Alaska Reference Database

The Alaska Reference Database originated as the standalone Alaska Fire Effects Reference Database, a ProCite reference database maintained by former BLM-Alaska Fire Service Fire Ecologist Randi Jandt. It was expanded under a Joint Fire Science Program grant for the FIREHouse project (The Northwest and Alaska Fire Research Clearinghouse). It is now maintained by the Alaska Fire Science Consortium and FRAMES, and is hosted through the FRAMES Resource Catalog. The database provides a listing of fire research publications relevant to Alaska and a venue for sharing unpublished agency reports and works in progress that are not normally found in the published literature.

 

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Displaying 1 - 10 of 23

From the summary and conclusions ... 'This report describes guiding principles defining the what, why, and where of economical fuel reduction in the northern Rocky Mountain region. It includes comments concerning the when and how although it does...

Person: Lyman
Year: 1945
Resource Group: Document
Source: TTRS

In the aftermath of the Greater Yellowstone Area fires of 1988, scientists from all across North America recognized the once in a lifetime research opportunities these fires presented. For a host of reasons, the Yellowstone fires were unique, due...

Person:
Year: 1990
Resource Group: Document
Source: TTRS

This paper reports on the development of the Intelligent Fire Management Information System (IFMIS), a computer program for dispatching fire suppression resources to wildfires. The program uses a number of advanced concepts to provide information to...

Person: Alexander, Bisgrove, Lee
Year: 1990
Resource Group: Document
Source: TTRS

The year 1925, in which J.G. Wright formulated his concept of a fire-hazard rating system, is perhaps the most significant date in the evolution of forest-fire research in Canada. But a decade earlier the first (though transitory) attempt in this...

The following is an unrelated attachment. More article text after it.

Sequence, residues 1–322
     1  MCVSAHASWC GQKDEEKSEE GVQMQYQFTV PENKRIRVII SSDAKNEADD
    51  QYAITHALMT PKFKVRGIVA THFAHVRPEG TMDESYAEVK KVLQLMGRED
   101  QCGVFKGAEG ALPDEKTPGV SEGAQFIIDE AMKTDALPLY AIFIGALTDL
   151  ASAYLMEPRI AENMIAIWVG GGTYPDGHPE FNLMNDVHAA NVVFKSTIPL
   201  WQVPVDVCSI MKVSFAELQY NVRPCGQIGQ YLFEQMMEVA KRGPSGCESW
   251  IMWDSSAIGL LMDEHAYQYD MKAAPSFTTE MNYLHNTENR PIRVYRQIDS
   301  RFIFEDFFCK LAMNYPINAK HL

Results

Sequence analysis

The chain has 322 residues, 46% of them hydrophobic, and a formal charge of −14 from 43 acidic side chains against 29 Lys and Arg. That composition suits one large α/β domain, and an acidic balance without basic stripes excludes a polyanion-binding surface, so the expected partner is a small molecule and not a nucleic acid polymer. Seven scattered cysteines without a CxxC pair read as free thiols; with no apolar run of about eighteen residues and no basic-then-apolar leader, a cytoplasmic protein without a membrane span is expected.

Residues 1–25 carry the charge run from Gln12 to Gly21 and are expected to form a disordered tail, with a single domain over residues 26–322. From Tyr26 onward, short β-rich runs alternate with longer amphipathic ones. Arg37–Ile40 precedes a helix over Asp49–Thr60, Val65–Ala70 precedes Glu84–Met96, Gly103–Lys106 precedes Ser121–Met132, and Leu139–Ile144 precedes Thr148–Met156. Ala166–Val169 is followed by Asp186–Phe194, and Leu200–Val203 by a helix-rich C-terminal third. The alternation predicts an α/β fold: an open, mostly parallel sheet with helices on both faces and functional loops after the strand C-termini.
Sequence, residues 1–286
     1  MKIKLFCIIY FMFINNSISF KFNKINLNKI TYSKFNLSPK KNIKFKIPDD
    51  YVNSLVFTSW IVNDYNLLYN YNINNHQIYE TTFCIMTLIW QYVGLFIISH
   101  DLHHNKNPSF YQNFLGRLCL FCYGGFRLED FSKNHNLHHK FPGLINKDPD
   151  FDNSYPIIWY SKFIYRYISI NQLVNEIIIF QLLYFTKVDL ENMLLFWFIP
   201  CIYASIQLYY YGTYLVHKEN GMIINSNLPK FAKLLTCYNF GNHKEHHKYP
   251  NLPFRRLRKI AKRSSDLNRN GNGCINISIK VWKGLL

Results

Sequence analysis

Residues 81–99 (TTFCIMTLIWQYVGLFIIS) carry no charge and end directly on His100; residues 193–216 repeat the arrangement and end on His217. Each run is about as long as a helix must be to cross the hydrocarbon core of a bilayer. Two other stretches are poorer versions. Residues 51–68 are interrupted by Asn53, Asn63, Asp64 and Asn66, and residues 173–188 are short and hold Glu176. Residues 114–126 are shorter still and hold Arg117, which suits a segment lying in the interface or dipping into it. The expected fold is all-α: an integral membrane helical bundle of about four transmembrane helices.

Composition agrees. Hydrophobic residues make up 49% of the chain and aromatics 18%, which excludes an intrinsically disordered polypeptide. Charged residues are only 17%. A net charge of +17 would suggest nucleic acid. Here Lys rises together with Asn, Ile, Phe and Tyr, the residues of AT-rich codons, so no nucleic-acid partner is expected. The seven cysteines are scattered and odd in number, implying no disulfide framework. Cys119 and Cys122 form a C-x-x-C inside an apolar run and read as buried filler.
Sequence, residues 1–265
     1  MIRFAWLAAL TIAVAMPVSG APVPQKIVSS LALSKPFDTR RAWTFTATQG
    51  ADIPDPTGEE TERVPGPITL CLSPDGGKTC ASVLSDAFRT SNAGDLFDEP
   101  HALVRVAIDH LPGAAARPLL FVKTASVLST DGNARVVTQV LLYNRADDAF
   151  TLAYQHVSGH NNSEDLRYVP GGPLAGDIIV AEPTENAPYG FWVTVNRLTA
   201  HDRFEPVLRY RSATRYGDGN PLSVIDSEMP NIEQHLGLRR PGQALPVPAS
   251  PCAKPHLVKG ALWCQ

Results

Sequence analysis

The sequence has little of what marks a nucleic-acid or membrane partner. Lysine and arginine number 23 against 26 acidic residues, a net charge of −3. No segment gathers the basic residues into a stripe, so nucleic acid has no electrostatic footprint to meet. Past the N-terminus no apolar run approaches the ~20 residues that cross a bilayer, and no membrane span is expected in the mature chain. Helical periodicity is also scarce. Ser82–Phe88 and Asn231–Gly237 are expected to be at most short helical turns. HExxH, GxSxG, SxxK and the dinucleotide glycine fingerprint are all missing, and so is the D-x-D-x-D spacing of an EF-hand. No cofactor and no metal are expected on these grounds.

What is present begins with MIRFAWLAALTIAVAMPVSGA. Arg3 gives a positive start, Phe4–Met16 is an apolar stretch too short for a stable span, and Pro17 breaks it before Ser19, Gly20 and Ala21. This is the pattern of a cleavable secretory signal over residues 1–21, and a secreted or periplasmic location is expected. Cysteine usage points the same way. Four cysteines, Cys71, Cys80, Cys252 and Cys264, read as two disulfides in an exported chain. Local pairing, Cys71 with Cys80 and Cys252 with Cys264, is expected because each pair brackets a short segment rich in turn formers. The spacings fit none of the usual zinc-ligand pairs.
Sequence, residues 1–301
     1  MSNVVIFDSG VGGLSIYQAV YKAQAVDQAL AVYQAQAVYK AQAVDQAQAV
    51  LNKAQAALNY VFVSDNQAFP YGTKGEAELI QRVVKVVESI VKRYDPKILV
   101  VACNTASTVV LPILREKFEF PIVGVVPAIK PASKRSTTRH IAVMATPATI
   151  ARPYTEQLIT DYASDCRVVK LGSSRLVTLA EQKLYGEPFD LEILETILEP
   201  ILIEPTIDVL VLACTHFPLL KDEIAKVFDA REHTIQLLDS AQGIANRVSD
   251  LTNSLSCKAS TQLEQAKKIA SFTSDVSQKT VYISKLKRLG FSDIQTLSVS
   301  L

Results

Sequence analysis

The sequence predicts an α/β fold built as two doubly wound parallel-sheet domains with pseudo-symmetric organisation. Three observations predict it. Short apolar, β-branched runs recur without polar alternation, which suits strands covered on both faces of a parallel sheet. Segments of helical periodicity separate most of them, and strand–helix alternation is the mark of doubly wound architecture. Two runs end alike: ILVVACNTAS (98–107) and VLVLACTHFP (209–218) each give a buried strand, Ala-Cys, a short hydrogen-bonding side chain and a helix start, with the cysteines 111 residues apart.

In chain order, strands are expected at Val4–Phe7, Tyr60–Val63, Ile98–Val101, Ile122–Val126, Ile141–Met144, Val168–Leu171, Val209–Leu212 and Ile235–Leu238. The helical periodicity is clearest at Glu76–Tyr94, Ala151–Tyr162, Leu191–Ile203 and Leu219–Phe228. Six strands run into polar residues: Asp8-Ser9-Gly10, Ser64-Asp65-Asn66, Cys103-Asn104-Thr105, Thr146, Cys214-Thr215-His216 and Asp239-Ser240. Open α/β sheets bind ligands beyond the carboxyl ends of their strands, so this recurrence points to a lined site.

Person: Alexander, Bisgrove, Beall
Year: 1990
Resource Group: Document
Source: TTRS

The 1988 fires created a lot of changes in land cover in Greater Yellowstone Area, an area of several million acres administered by the Park Service, Forest Service and other Federal, State and private owners. Remotely sensed data, such as aerial...

Person: Lachowski, Rodman, Shovic
Year: 1990
Resource Group: Document
Source: TTRS

Obstacles to public acceptance of prescribed fire include misunderstanding of fire in forest ecosystems, concerned risk to life and property and assumed adverse effects on scenic and recreation values. Increased appreciation of the ecological, safety (...

Person: Krammes, Daniel
Year: 1990
Resource Group: Document
Source: TTRS

Fire, either as a natural occurrence or a management tool, can have beneficial effects on the environment, and its use offers opportunities for reducing fuel loads, disposing of slash, preparing seedbeds, thinning stands, increasing herbaceous plant...

Person: Krammes, Ffolliott
Year: 1990
Resource Group: Document
Source: TTRS

The public outcry about the 1988 fires in Yellowstone National Park and adjacent natural forests, coupled with concern among natural resource managers, convinced the Secretaries of the Departments of Interior and Agriculture to establish the Fire...

Person: Wakimoto
Year: 1990
Resource Group: Document
Source: TTRS

This user's guide is an introductory manual for using the 1988 version (Burgan 1988) of the National Fire-Danger Rating System on an IBM PC or compatible computer. NFDRSPC is a window-oriented, interactive computer program that processes observed...

Person: Donaldson, Paul
Year: 1990
Resource Group: Document
Source: TTRS

[no description entered]

Person: Layman
Year: 1990
Resource Group: Document
Source: TTRS